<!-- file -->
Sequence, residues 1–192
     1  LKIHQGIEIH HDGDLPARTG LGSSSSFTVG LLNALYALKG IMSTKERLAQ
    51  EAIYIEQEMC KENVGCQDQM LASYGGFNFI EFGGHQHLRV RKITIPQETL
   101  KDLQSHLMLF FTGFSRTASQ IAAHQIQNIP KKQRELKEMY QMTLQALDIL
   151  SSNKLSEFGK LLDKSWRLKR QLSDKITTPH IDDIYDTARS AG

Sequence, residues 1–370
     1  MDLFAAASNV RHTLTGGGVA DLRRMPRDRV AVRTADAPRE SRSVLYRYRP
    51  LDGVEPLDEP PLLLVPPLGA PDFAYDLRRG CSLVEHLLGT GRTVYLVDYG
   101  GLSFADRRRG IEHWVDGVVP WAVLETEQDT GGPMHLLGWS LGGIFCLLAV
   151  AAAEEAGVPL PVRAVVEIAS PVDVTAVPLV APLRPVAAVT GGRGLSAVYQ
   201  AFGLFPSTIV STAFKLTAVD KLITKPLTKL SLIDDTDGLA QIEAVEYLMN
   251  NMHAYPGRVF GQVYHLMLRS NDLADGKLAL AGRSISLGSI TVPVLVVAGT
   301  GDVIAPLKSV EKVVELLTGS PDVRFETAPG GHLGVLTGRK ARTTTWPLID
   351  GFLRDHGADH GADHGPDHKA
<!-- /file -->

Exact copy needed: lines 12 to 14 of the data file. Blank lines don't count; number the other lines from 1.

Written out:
   251  NMHAYPGRVF GQVYHLMLRS NDLADGKLAL AGRSISLGSI TVPVLVVAGT
   301  GDVIAPLKSV EKVVELLTGS PDVRFETAPG GHLGVLTGRK ARTTTWPLID
   351  GFLRDHGADH GADHGPDHKA